Discovered at every archaeological dig are pottery
jars used for storing water and grain. Today, these
are still fired in man made wood-fuelled kilns. The
various shapes and sizes of the water, grain and later
oil jars, are displayed in the Heritage Museum, (see
Museums section). New locally made pots are on sale
in the Plant Souk, Al Soor.
The old Arabic bridal
chests which are becoming a rarity were made throughout
the Gulf, characterized by the solid wood (usually teak
or rosewood) with inlaid brass decoration and often,
secret compartments. Smaller wooden chests, with carved
decoration only and many compartments were made specifically
for the pearling industry. Pearls would be graded and
stored in the boxes according to size, along with scales
and other pearling paraphernalia.
Weaving and embroidery
was used for dress decoration and practical purposes.
These traditional crafts are still popular pastimes
amongst the national women.
The locally available
date palm fibers are woven to produce mats, baskets,
bags and bowls plus fans used for lighting fires.
There is a shop in Souk Al Arsah which sells these crafts
and you will also find them on sale in the old Iranian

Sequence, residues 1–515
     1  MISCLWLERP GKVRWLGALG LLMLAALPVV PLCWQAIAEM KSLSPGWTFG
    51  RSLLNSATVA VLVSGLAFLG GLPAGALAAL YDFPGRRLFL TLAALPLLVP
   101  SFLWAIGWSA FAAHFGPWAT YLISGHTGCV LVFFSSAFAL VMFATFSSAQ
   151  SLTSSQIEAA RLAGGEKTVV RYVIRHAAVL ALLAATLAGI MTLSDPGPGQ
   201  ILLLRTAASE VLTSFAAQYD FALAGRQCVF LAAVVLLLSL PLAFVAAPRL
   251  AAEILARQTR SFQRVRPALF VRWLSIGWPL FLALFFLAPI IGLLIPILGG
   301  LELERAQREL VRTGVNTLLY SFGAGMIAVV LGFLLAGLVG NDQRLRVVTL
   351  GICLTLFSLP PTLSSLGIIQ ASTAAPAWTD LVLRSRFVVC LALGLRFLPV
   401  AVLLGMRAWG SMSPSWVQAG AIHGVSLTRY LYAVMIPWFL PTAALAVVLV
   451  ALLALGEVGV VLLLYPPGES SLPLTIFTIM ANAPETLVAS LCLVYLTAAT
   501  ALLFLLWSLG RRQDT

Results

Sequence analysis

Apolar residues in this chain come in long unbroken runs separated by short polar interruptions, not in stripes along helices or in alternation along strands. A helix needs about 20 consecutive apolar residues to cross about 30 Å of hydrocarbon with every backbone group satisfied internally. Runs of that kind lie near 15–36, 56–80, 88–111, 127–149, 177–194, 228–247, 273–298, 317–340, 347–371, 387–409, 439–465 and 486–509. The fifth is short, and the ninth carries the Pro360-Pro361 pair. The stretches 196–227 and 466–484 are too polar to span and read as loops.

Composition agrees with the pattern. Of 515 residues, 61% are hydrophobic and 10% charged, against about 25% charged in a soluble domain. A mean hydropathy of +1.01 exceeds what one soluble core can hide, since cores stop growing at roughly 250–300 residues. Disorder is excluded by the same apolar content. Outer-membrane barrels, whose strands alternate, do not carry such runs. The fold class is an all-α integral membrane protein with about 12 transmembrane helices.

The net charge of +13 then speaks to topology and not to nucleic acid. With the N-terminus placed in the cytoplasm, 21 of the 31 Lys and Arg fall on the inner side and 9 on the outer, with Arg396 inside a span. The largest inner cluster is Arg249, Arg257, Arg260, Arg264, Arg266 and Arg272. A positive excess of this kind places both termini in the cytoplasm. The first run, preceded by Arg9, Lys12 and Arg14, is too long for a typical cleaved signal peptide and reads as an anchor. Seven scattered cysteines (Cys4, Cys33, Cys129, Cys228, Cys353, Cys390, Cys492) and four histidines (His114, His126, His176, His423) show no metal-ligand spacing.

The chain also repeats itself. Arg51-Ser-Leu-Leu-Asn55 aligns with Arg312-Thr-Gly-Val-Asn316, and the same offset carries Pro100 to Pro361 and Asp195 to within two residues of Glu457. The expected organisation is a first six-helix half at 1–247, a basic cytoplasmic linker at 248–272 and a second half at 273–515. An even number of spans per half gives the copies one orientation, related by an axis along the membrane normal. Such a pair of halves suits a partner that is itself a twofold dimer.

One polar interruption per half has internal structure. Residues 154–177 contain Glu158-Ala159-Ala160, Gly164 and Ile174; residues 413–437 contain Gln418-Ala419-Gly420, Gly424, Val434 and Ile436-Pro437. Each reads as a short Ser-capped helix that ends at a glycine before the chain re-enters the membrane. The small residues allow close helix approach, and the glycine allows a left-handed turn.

Bazaar which runs parallel to the creek. For further
details, see Souks section. Perfume and Incense are
an integral part of Arabic life for both men and women
and are usually family run businesses. The three types
of perfume and how they are mixed are a closely guarded
secret. Attar is the oil based perfume, bukhoor is the
fragrant burnt incense (formed by burning the wood chips)
and the third is a wax sachet, which when burnt gives
off a charcoal odor.
A visit to Al Shuwaiheyn
between the Arts Area and Al Boorj Avenue is recommended.
You will find many perfume shops here with the oils,
the incense woods and burners on display. With a little
gentle persuasion, the shop keepers will show you the
famous bukhoor and allow you to test the perfumed oils,
see Souks section.
Henna, made from the
leaves of the lawsonia inermis shrub, has been used
for centuries to enhance beauty in the Middle East and
India. Traditionally, henna is used to color hair and
to decorate the palms of hands and the soles of feet,
specially for weddings and Eid celebrations. The coloring,
which also contains cooling properties will remain on
the skin for several weeks before fading. In addition
to Indian and Arab beauty centers which provide this
treatment, you can buy henna transfers in the Iranian
Bazaar, just behind the Arts Center!